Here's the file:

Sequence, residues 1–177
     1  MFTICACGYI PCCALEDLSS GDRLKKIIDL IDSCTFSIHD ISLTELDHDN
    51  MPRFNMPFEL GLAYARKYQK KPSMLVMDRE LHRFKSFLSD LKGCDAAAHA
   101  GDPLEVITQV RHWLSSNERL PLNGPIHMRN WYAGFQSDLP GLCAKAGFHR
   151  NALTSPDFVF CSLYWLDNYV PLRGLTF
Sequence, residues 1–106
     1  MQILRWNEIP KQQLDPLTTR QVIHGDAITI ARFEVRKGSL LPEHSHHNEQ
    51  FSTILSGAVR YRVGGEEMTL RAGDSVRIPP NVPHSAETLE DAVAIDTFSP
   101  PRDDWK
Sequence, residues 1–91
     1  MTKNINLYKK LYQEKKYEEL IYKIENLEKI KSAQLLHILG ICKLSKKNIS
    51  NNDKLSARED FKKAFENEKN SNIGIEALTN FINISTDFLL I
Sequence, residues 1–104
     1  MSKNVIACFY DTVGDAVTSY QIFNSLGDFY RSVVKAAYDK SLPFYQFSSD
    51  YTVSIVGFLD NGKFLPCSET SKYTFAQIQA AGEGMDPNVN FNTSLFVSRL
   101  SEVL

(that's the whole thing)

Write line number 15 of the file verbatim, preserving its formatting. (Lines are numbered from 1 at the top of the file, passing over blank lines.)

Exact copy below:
    51  YTVSIVGFLD NGKFLPCSET SKYTFAQIQA AGEGMDPNVN FNTSLFVSRL